Marcee Davis Headshot

Marcee Davis ‘15 arrived at UCSB as a non-traditional student: she was a mother, a veteran, and a first-generation college student. On the campus by the sea, she found her home. Marcee and her partner both graduated with Bachelor’s degrees and fond memories of their undergraduate experience. Marcee accredits a portion of their success to the readily available resources, like daycare and afterschool programs, that helped her family during their time as students.

After majoring in Film and Media Studies, Marcee obtained a Master’s degree in Public Relations from USC. While she spent time working in Congress and starting a nonprofit, Marcee eventually returned to campus in 2020 as a staff member. With a passion for veteran’s issues, she is eager to educate non-traditional students on their benefits and rights. Having witnessed financial information discrepancies first-hand, Marcee wants to show students that there is more than one path to higher education.

Tell me about your experience during service in the military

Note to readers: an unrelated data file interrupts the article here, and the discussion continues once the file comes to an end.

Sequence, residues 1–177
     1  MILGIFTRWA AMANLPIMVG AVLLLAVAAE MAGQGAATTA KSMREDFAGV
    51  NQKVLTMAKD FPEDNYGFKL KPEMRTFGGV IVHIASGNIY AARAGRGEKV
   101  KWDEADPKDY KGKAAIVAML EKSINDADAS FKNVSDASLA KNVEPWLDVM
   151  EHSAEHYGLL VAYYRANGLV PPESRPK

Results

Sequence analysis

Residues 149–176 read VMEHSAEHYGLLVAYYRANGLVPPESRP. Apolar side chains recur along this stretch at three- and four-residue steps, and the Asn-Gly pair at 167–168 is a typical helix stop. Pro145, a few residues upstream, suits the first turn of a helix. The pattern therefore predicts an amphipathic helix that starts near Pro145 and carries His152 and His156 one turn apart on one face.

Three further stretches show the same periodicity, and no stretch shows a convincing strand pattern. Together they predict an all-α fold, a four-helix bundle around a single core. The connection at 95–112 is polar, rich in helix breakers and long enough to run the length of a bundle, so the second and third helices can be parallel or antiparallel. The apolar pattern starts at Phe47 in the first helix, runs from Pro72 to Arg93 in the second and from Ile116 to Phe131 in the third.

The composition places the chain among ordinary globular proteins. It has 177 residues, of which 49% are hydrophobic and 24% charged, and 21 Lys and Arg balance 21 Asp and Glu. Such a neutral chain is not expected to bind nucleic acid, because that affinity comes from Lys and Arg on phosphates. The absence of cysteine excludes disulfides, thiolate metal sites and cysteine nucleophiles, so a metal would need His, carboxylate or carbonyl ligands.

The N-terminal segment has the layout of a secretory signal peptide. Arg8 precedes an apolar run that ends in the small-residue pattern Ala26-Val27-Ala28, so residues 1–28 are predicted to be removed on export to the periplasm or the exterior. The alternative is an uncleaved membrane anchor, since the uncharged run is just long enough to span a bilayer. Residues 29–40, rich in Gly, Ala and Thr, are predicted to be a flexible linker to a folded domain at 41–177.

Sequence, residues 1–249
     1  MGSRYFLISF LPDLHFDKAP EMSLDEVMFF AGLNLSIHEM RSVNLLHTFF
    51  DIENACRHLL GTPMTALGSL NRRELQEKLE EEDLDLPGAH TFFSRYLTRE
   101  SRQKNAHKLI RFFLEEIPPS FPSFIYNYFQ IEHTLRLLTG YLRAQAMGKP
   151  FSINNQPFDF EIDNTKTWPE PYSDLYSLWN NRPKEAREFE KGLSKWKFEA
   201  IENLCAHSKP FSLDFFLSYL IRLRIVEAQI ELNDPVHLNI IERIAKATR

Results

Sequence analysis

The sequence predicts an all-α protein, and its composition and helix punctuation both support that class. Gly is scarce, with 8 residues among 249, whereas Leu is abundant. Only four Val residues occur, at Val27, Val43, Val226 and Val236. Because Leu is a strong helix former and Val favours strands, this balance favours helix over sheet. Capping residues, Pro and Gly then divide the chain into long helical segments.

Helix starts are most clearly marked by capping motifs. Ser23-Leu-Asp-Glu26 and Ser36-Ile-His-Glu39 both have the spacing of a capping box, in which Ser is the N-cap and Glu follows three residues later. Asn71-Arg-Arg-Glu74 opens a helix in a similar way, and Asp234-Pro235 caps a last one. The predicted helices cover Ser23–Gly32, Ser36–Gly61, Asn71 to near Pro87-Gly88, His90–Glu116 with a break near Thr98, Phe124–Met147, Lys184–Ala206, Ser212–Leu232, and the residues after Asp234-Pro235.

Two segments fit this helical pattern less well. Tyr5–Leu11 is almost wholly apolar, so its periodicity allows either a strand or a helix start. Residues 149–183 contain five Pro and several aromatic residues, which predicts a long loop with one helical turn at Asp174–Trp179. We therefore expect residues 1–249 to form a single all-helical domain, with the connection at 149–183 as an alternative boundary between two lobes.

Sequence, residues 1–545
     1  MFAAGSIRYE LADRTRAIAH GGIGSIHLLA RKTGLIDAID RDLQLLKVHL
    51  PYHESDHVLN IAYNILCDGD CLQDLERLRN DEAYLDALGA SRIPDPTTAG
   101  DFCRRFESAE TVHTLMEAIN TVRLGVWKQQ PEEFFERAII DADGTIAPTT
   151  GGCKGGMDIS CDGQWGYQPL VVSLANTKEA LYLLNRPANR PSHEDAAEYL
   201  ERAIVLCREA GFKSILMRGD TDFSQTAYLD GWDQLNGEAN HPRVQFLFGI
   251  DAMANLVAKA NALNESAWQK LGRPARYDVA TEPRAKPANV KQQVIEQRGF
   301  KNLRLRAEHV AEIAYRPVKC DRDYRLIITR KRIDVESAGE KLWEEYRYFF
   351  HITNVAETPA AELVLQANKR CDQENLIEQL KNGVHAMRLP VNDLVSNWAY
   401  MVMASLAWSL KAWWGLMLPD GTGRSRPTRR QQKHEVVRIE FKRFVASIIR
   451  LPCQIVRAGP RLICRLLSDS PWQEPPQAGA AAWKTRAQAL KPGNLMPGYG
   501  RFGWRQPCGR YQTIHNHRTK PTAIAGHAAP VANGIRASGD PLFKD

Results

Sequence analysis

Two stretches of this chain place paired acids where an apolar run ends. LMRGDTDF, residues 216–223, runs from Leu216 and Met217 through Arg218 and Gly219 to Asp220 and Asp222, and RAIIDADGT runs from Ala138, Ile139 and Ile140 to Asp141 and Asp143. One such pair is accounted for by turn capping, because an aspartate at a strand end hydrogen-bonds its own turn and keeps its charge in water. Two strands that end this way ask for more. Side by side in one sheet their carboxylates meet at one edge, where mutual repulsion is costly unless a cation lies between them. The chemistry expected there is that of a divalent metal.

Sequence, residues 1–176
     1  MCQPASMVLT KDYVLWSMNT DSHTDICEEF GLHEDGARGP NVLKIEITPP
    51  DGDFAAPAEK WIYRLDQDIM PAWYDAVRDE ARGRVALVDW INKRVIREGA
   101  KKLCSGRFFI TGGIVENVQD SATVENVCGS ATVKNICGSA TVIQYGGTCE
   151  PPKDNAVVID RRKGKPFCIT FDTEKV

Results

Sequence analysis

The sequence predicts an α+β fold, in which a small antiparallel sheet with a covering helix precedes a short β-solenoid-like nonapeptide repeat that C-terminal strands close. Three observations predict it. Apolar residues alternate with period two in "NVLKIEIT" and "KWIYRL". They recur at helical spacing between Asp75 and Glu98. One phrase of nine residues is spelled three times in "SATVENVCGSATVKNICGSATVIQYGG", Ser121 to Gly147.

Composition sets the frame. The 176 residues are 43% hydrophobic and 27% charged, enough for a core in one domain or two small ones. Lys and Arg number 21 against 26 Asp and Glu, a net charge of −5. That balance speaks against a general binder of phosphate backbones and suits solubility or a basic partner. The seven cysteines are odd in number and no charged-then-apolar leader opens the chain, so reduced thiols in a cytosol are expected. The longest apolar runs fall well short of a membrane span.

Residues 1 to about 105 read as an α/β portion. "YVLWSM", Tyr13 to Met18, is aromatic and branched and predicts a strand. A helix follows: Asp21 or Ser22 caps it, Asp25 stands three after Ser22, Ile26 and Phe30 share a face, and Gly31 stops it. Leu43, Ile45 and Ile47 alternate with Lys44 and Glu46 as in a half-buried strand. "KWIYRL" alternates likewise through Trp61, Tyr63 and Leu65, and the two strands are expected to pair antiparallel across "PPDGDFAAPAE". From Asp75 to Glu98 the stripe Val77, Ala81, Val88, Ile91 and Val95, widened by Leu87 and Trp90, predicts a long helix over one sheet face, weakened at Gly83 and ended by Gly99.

I joined the Navy when I was 17 in 2003. I worked as an aviation electrician and a plane captain, doing a lot of maintenance on aircrafts. I was stationed in Washington State, but got deployed on an aircraft carrier out of Virginia and entered the Persian Gulf in 2004. My second deployment was in 2007 in Afghanistan with an Aviation Squadron. When I got out in 2007, I was a reservist until 2014.

What led you to Film and Media Studies as an undergrad at UCSB?

I took a photography class in high school and thought I’d found what I wanted to do with my life. I joined the Navy thinking I would be a ‘photographer's mate,’ but when you join the military, they choose what job you go into depending on what is available. During my service, I continued taking photos and even considered becoming a journalist. When my active service ended, I attended Brooks Institute of Photography in Santa Barbara.